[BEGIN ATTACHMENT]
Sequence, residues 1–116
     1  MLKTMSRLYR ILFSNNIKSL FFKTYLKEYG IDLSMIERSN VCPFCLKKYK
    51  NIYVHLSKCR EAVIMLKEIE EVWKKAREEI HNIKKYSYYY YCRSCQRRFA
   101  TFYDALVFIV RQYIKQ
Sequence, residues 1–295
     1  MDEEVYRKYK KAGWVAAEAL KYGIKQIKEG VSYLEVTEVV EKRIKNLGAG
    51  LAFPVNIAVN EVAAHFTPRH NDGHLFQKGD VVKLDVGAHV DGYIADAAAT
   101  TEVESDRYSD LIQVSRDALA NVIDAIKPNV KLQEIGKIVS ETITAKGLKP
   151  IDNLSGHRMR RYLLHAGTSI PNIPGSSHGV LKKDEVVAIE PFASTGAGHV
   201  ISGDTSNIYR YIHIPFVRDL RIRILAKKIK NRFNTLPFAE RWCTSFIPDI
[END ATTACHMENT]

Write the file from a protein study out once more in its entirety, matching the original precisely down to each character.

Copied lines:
Sequence, residues 1–116
     1  MLKTMSRLYR ILFSNNIKSL FFKTYLKEYG IDLSMIERSN VCPFCLKKYK
    51  NIYVHLSKCR EAVIMLKEIE EVWKKAREEI HNIKKYSYYY YCRSCQRRFA
   101  TFYDALVFIV RQYIKQ
Sequence, residues 1–295
     1  MDEEVYRKYK KAGWVAAEAL KYGIKQIKEG VSYLEVTEVV EKRIKNLGAG
    51  LAFPVNIAVN EVAAHFTPRH NDGHLFQKGD VVKLDVGAHV DGYIADAAAT
   101  TEVESDRYSD LIQVSRDALA NVIDAIKPNV KLQEIGKIVS ETITAKGLKP
   151  IDNLSGHRMR RYLLHAGTSI PNIPGSSHGV LKKDEVVAIE PFASTGAGHV
   201  ISGDTSNIYR YIHIPFVRDL RIRILAKKIK NRFNTLPFAE RWCTSFIPDI